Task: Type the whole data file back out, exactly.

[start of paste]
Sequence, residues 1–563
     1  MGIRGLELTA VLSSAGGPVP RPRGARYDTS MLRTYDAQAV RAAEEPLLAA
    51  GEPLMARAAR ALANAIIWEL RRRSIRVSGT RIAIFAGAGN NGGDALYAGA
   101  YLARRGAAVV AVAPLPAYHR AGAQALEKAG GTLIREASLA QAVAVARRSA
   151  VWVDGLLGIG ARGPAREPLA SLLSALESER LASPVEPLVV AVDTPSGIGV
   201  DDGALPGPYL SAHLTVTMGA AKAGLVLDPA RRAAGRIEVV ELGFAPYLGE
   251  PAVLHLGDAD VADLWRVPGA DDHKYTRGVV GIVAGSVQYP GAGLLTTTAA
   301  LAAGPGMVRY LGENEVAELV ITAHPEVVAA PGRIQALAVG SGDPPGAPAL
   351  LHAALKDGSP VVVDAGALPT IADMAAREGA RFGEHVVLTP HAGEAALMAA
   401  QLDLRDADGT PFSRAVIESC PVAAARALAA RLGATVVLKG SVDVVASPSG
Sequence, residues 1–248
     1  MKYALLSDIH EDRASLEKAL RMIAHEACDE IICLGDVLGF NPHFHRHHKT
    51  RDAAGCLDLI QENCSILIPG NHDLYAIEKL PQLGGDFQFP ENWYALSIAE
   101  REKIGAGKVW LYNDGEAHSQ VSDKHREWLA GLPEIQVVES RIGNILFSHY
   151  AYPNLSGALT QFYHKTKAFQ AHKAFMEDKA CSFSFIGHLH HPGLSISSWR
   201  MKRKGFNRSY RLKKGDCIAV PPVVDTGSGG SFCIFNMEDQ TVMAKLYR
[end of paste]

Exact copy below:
Sequence, residues 1–563
     1  MGIRGLELTA VLSSAGGPVP RPRGARYDTS MLRTYDAQAV RAAEEPLLAA
    51  GEPLMARAAR ALANAIIWEL RRRSIRVSGT RIAIFAGAGN NGGDALYAGA
   101  YLARRGAAVV AVAPLPAYHR AGAQALEKAG GTLIREASLA QAVAVARRSA
   151  VWVDGLLGIG ARGPAREPLA SLLSALESER LASPVEPLVV AVDTPSGIGV
   201  DDGALPGPYL SAHLTVTMGA AKAGLVLDPA RRAAGRIEVV ELGFAPYLGE
   251  PAVLHLGDAD VADLWRVPGA DDHKYTRGVV GIVAGSVQYP GAGLLTTTAA
   301  LAAGPGMVRY LGENEVAELV ITAHPEVVAA PGRIQALAVG SGDPPGAPAL
   351  LHAALKDGSP VVVDAGALPT IADMAAREGA RFGEHVVLTP HAGEAALMAA
   401  QLDLRDADGT PFSRAVIESC PVAAARALAA RLGATVVLKG SVDVVASPSG
Sequence, residues 1–248
     1  MKYALLSDIH EDRASLEKAL RMIAHEACDE IICLGDVLGF NPHFHRHHKT
    51  RDAAGCLDLI QENCSILIPG NHDLYAIEKL PQLGGDFQFP ENWYALSIAE
   101  REKIGAGKVW LYNDGEAHSQ VSDKHREWLA GLPEIQVVES RIGNILFSHY
   151  AYPNLSGALT QFYHKTKAFQ AHKAFMEDKA CSFSFIGHLH HPGLSISSWR
   201  MKRKGFNRSY RLKKGDCIAV PPVVDTGSGG SFCIFNMEDQ TVMAKLYR